Thursday, March 13, 2008

Social Capital.

This past weekend I found myself in a conversation about social capital. Coming from a family that excels at economics, it wasn't a big surprise to find myself ruminating on the concept. I'm certainly more of a social sciences guy, but quantitative analysis is difficult to avoid if it's in your blood. When I was a kid I made a list of all the people I knew, and I gave them numerical scores on several key personality characteristics. I was never put off by the subjectivity that applying numbers to social phenomena entailed. Even if I realized that the values were assigned somewhat arbitrarily, they were still useful for me in attributing relative worth. It helped me think about what mattered most to me, and refined my perception of my ideal self.

I can understand how someone could view such behavior as cold and calculating. There is something troublesome about trying to assess human interaction using standards akin to units of currency. But I can't help thinking of human transactions in those terms. Some people form associations based upon intuitive attractions, and believe that they are somehow being truer to themselves than others who involve themselves in (what they see) as social "games". Yet I think its foolish to deny that we often act in ways that will best fit our interests. Perhaps many folks make these calculations subconsciously, or have a different language altogether for their strategies- but I truly believe its useful to try to step back and take account.

Who hasn't (at one point or another) considered whether entertaining a certain person would lead to social liability? I know one individual in particular that is exceedingly interesting and somewhat charming when sober, but goes completely off the rails under the influence of hard liquor. He has provoked situations that have been so extreme that people have entirely shut him out of their social circles. When he is wary of his own excesses, he makes an effort to build bonds with others with a surplus of social capital, in order to rehabilitate his own personal profile. Of course it takes an extremely generous and trusting type to fulfill this role.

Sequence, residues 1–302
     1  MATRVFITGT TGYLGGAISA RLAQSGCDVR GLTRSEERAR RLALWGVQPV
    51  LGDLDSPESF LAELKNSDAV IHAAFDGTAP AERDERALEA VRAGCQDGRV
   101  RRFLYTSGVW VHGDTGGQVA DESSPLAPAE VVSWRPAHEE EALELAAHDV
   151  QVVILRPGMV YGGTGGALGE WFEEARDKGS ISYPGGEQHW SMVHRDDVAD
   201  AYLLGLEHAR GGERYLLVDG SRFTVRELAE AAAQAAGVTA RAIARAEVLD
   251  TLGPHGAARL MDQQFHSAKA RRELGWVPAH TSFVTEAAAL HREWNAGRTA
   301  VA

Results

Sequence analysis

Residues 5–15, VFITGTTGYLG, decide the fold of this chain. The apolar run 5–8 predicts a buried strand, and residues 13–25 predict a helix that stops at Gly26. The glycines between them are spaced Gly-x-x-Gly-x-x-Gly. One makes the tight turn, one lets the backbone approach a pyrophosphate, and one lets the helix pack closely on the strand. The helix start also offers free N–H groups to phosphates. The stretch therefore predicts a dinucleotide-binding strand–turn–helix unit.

It's rarely difficult to spot those who are actively seeking to build social capital. They have been commonly referred to as "social climbers". They seek to curry favor with the glamorous and famous, or those who have achieved success in a particular domain. Nipping at the heels of the popular can help one accumulate a certain cache, but if their approach too obviously exposes an agenda, then it can backfire wildly. Making the appropriate evaluations of the social standing of others can make or break one's progress toward a treasured goal. As superficially manipulative as it sounds, you may want to hold your tongue in certain company. The person you offend may hold the key to a doorway you want to pass through. I've known characters that consciously and consistently try to reject their awareness of such situations, but they often end up frustrated for having done so.

The reality of our collective existence is that we are social animals. We can't avoid the shifting sands of alliance and association because a great proportion of human enterprise depends ultimately on some level of cooperation. Human beings are much more likely to want to involve themselves with others who are generally held in high esteem by their peers. This isn't necessarily determined by financial standing or physical attractiveness, although these factors tend to be considered disproportionately in American society. Less obvious influences depend upon the nature of the activity and/or goals being pursued. Intelligence, charisma, wisdom, strength, integrity, flexibility, generosity, creativity, patience, tolerance, open mindedness, talent, and skill can all play roles in determining social capital. You ignore them at your own peril.



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